It did not take Floriano Inacio Junior long to pick up a second instrument, the guitar, and he started performing at “rodas de choro”* and samba gatherings.

Through one of his colleagues, a pianist, he realized that he was blessed with a gift for piano playing and that he had a knack for it, so he started playing every evening in Santana, a neighborhood in the city of São Paulo. He even began developing an interest in jazz when he met one of his mentors, the maestro Louis Alba.

From the hustle and bustle of the traditional neighborhoods of São Paulo, the roots of samba, the sound of the cavaquinho to the platinelas of the pandeiro, and on his stylish piano, Floriano Inacio Jr. sailed the seven seas and crossed the Alps, ready to unveil and hone his musical skills and explore new musical rhythms.

He took his love and calling for Brazilian folk music with him wherever he went, with “jazz” and “samba-jazz” representing common denominators. He enhanced his musical knowledge at the European Conservatories of Music and across the different linguistic areas of Switzerland, both at the Geneva Conservatory of Music and the Lucerne University of Applied Sciences and Arts.

Oliver Pellet

Oliver Pellet is a guitarist, composer and teacher currently based in Switzerland. He was born in Brazil were he grew up and started his career as a musician. He started by taking private guitar lessons and attending workshops and festivals in south Brazil. Some of this teachers were: Aquiles Faneco, Mario Conde, Heraldo do Monte, Nelson Faria, Lula Galvão, Vittor Santos, and many others.

In 2009 he graduated Bachelor in Music at the Parana University in Curitiba. During this time he worked with some great musicians from the Brazilian scene such as: Proveta, Teco Cardoso, Lea Freire, Roberto Sion, Thiago do Espirito Santo, and many others.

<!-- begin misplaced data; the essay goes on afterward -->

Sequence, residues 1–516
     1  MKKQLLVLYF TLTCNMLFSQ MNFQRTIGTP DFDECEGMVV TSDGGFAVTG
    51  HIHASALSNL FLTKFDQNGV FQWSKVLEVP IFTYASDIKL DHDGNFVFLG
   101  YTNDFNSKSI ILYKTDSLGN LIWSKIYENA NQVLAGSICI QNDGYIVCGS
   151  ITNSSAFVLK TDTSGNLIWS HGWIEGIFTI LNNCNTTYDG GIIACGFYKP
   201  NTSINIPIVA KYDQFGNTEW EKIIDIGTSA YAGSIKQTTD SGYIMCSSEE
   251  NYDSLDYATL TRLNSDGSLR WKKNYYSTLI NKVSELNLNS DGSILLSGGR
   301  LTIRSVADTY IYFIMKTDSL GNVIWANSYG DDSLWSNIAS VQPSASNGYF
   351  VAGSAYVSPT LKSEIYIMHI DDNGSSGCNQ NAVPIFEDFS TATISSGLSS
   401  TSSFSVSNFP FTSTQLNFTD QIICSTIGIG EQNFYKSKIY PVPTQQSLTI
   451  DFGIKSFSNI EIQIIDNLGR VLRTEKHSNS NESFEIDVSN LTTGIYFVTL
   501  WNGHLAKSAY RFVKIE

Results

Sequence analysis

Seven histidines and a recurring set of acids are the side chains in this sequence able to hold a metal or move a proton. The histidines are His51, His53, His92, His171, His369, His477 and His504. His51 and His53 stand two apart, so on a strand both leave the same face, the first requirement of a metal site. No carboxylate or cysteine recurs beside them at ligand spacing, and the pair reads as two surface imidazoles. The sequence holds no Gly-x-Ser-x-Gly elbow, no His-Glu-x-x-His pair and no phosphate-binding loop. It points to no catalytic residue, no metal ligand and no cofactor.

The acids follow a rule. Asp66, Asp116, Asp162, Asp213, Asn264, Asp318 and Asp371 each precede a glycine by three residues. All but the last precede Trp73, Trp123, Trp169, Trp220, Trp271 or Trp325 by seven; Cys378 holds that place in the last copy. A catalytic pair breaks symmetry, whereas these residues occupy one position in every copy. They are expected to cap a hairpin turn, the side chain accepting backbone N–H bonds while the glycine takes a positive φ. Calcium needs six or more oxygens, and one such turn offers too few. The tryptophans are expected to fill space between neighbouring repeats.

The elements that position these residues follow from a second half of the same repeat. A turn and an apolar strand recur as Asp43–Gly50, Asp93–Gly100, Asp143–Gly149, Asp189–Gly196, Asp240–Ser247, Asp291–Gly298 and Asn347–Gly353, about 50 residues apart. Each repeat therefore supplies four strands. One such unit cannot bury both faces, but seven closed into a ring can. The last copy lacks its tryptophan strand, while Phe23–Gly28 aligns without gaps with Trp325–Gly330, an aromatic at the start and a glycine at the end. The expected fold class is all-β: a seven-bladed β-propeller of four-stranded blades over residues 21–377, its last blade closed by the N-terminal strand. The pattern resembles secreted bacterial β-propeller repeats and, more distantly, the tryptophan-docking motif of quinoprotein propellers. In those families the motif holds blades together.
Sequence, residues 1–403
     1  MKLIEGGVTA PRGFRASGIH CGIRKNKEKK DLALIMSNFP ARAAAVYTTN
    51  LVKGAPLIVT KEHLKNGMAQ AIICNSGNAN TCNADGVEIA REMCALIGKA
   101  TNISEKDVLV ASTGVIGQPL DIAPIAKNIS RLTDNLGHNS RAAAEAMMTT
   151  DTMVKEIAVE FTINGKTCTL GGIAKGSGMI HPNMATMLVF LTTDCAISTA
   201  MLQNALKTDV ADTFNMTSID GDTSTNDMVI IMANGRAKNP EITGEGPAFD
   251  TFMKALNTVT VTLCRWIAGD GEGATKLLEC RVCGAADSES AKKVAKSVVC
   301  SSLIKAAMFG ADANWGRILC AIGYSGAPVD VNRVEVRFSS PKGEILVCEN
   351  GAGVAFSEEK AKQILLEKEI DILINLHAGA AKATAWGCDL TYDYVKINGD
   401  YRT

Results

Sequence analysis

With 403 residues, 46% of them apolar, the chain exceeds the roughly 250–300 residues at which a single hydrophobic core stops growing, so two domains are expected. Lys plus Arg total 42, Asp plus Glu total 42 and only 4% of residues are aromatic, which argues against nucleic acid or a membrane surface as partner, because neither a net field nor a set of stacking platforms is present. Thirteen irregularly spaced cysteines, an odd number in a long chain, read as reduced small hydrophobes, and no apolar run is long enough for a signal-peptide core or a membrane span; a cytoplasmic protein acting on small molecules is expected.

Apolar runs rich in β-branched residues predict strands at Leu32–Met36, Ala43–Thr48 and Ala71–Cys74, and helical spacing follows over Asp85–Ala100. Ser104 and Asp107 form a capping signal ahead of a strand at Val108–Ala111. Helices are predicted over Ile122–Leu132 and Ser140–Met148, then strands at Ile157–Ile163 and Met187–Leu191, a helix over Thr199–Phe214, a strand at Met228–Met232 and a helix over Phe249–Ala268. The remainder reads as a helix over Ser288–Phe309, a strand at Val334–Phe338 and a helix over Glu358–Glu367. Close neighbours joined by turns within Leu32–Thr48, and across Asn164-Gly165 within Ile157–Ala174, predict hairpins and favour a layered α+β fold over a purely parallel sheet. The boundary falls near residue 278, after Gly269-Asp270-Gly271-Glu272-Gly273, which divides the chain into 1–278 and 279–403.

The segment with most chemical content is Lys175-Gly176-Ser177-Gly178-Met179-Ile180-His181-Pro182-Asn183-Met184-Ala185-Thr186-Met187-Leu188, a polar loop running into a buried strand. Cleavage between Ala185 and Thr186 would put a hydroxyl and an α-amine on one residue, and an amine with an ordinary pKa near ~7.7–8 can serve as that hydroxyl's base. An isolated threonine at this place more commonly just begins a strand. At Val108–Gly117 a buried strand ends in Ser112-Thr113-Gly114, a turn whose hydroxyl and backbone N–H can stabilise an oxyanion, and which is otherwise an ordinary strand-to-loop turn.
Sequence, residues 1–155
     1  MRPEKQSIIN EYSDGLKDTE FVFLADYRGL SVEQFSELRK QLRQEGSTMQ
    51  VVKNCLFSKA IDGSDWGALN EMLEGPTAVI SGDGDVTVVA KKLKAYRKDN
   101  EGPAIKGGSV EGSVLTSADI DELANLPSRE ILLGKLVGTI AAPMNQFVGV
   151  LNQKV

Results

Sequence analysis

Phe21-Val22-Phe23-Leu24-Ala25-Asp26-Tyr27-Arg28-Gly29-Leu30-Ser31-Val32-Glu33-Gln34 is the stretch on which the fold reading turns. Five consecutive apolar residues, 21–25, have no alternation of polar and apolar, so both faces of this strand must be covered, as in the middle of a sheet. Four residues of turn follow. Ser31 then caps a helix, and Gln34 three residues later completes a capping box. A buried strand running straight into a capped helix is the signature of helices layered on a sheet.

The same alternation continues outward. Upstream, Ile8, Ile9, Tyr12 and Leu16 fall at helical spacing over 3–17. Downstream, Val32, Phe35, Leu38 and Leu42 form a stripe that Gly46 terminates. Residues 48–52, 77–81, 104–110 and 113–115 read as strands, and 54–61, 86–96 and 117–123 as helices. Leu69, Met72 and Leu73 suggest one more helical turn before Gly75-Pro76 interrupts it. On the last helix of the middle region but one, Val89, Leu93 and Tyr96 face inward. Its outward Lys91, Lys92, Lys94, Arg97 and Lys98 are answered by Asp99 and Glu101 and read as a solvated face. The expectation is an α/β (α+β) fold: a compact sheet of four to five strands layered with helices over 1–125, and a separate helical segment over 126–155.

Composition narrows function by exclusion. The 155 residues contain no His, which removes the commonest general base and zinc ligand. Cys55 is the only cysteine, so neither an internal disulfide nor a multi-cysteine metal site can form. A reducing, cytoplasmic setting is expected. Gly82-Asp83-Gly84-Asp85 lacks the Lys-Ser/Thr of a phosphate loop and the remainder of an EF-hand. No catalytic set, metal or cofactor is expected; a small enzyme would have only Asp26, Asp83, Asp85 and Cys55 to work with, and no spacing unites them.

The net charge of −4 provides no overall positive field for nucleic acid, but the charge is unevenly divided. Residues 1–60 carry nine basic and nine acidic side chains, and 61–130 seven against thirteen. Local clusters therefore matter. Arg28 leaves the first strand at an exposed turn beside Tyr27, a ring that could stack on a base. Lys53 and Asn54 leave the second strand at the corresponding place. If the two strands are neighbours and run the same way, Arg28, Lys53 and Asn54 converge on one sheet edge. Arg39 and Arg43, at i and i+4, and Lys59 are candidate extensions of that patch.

In 2010 he attended a Summer Program at the New York University where he had the opportunity to study with great NYC musicians such as: Jonathan Kreisberg, Bruce Arnold, Tony Moreno, Mark Withfield, Ralph Lalama, Billy Drewes, Rey Abbasi, Lage Lund, among others.

In 2012 he moves to Europe to study with Wolfgang Muthspiel at the Hochschule für Musik Basel and graduates with excellence on 2014. During this time he studied with some of the best teachers of the scene such as: Guillermo Klein, Aydin Esen, Larry Grenadier, Alex Sipiagin, Domenic Landolf, Malcolm Braff and many others.

With two albums recorded Oliver continues to live in Basel with his new projects playing in several jazz clubs and festivals in Europe.

Paulo Almeida

Paulo Almeida is a drummer, percussionist and composer. An important reference in the new generation of brazilian instrumental music, he has already released four albums and gained recognition for the authentic way he plays and composes. He has performed at important festivals such as Brazil Instrumental, Savassi Jazz Festival, Jazz Ahead, Jazz a La Calle (Uruguay) and has shared stages with renowned artists such as Hermeto Pascoal, Wolfgang Muthspiel, Kurt Rosenwinkel, Gabriel Grossi, Filó Machado and Leny Andrade.

Paulo participated in the formation 19/20 of the great global project called Focus Year Band that was conceived by the great musician Wolfgang Multhspiel in the Jazz Campus Basel. With this project he could play with musicians from all over the world and recorded the album called Arms Open with the participation of Guillermo Klein.

Almeida has 4 recorded copyright discs that counted on the participation of Hermeto Pascoal, Arismar do Espirito Santo and other great musicians. Today he lives in Basel and continues with his projects and teaching classes on Brazilian music and improvisation.

João Bastos

João Bastos was born in Rio de Janeiro and began his flute education when he was 17 years old at the musical academy Villa-Lobos in Rio de Janeiro, Brazil. In 2002 he began his studies at the Institute of Music and Theater Zurich (Hochschule für Musik und Theater Zürich), from which he graduated in the summer of 2006 holding a concert diploma and a special award. One year later he received his teaching diploma.

He performs in different chamber ensembles such as the „Modern South America Ensemble“ and together with Edmauro de Oliveira as guitarist, forms the „Duo Brasilis“. He is also part of the group “Deu Choro” which since 2004 brings Brazilian music, especially the modern Choro, closer to the Swiss and European audience. The first Deu Choro album will be released in 2013.

João Bastos appeared as guest flutist in different ensembles and festivals, including the International Festival of Baroque Music in Juíz de Fora, Brazil, the Flims-Klang Festival in Graubünden, Switzerland, the Alumni Orchestra in the Tonhalle Zurich and the Ensemble Montalegre with the soloist Isaac Duarte, Philippe Litzler and Jean-Paul Garot. In 2011, João Bastos was invited to perform with the Carmina Quartett at the Lenzburgiade under the name “The Miracle Flutist from Rio plays Mozart and Samba”.